Woman Who Selflessly Rescued Dozens of Pets in Florence Is Arrested for It. You Won’t Believe Why.

Thanks, bureaucracy. Always there when we need ya, aren’t you?

While the news cycle is almost completely dominated by the circus that is the Kavanaugh confirmation, millions of people are still struggling to recover after Hurricane Florence drenched the Carolinas earlier this month.

As usual when natural disasters strike the US, we have seen incredibly displays of kindness as communities come together and strangers pitch in to help feed, clothe, and shelter the displaced.

One North Carolina woman saw a need and filled it: dozens of displaced pets who were for whatever reason unable to accompany their people in the chaos of evacuation also needed food, clothing, shelter, and basic medical attention.

It’s the latter part of this service that got Tammie Hedges in trouble–after rescuing and caring for 27 displaced pets, Hedges has been arrested and charged with practicing veterinary medicine without a license. 

I hate everything.

Conservative Tribune reports:

Hedges, who founded “Crazy Claws N Paws” animal rescue, found herself in trouble with the law after rescuing and sheltering 27 cats and dogs while Hurricane Florence was raging according to the News-Argus of Goldsboro.

Specifically, Hedges was charged and arrested for practicing veterinary medicine without a license according to CBS News.

“We were trying to help abandoned animals,” Hedges said. “We knew North Carolina didn’t have any regulations or laws regarding shelters for animals.”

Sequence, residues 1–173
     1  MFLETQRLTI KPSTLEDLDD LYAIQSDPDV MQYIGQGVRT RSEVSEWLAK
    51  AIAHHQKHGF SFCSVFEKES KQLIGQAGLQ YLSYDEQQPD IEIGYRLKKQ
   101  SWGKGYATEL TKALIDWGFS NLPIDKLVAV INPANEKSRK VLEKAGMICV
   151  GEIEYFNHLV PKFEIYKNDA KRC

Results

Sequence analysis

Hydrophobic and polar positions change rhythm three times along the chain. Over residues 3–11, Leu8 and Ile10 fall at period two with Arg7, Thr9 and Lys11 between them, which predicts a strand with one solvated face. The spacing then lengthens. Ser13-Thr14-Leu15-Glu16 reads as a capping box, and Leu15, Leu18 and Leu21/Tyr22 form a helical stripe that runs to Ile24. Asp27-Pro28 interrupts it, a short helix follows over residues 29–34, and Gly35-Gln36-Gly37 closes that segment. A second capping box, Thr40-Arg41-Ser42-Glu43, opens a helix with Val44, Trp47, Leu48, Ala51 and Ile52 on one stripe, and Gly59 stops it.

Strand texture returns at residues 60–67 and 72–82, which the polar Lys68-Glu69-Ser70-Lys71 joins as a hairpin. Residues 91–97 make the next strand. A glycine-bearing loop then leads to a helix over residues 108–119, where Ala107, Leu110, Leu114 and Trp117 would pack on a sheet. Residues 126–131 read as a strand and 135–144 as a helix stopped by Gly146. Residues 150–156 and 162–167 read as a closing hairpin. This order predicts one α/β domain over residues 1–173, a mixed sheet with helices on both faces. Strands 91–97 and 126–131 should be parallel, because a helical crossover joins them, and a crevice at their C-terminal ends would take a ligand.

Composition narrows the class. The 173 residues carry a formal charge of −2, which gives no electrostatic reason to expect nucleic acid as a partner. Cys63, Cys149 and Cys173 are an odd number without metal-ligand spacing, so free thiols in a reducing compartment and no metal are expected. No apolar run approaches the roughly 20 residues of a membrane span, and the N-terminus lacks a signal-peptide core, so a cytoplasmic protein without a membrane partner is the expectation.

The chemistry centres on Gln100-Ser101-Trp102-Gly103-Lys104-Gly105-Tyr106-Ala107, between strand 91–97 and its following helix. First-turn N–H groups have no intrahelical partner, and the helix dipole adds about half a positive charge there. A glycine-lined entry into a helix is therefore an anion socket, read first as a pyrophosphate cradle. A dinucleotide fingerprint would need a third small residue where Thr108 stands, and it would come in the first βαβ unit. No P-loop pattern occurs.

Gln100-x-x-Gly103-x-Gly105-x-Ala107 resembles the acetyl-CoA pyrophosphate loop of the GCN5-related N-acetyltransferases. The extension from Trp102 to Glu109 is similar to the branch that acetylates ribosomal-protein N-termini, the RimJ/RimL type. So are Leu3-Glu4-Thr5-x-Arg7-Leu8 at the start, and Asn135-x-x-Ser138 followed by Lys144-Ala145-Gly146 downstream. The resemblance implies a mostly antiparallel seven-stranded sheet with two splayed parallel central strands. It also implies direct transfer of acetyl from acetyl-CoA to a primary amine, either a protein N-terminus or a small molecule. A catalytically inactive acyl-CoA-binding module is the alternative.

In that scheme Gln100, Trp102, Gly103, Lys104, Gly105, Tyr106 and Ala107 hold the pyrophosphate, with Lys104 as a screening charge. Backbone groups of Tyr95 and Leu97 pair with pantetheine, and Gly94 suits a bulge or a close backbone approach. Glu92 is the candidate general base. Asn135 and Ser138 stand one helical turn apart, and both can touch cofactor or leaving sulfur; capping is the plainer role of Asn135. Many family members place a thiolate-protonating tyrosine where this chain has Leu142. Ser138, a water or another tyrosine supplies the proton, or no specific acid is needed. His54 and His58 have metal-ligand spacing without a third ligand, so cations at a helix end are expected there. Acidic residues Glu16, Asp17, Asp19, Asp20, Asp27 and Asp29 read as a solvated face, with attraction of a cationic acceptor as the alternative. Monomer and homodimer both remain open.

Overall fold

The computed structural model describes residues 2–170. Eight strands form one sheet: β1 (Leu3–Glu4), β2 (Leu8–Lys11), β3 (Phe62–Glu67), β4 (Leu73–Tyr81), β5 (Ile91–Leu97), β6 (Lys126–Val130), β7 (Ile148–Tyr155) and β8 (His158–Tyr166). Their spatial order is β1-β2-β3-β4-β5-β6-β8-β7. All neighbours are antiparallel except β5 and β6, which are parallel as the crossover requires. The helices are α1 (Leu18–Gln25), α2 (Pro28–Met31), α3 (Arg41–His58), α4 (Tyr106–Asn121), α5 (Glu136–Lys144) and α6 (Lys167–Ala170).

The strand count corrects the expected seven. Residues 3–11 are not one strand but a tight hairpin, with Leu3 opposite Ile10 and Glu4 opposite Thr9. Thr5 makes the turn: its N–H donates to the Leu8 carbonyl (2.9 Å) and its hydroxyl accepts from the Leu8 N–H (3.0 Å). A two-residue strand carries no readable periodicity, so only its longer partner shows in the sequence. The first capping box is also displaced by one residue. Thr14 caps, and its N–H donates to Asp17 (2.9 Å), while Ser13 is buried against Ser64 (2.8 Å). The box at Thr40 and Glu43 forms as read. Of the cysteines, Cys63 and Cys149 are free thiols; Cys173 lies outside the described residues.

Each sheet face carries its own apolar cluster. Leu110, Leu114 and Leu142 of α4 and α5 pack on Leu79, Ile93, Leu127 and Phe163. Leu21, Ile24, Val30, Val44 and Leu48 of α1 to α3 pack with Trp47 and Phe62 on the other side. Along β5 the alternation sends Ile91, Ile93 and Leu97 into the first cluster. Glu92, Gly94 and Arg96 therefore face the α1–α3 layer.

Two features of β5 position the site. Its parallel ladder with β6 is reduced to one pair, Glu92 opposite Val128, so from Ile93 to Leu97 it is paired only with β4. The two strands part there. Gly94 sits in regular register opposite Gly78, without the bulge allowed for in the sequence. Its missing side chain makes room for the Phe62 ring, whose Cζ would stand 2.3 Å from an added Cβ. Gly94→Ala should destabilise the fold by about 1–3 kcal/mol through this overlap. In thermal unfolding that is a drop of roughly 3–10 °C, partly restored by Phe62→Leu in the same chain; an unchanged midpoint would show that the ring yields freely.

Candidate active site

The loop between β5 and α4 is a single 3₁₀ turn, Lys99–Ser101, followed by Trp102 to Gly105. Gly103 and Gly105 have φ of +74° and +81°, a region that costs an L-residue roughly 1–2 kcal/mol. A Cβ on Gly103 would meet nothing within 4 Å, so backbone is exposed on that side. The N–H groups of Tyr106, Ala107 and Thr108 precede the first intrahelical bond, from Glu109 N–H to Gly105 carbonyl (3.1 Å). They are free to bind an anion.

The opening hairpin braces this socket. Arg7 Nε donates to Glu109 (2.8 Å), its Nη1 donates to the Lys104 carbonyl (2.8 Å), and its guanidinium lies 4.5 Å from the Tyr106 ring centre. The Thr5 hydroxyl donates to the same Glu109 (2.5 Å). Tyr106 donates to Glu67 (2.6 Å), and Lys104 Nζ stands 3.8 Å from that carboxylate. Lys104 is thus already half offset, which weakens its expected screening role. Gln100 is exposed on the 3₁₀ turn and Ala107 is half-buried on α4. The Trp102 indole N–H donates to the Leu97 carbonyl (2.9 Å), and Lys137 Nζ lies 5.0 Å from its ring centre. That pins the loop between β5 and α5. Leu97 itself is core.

Hedges said that she had given amoxicillin to some sick animals and used a topical antibiotic ointment as well.

Of note, one of the charges Hedges faces is the solicitation of a tramadol donation. Tramadol is a prescription painkiller sometimes given to cats and dogs.

So, while it is totally fair that certain laws exist surrounding the distribution of medication to animals, but did this woman really need to be arrested? Certainly delivering babies without a license is illegal, but would anyone who helped a laboring woman in the middle of a hurricane be arrested and charged for practicing midwifery without a license?

Frank Sauls, animal services manager for Wayne County, helped spearhead the effort to confiscate all 27 cats and dogs. He also fought back against some of the negative press Hedge’s arrest was garnering.

“If we didn’t feel like anything was being done wrong, we would not have taken (the animals),” Sauls said. “But that is for the courts to decide.”

Well, I suppose the authorities knew what they were doing, but still.

Come on.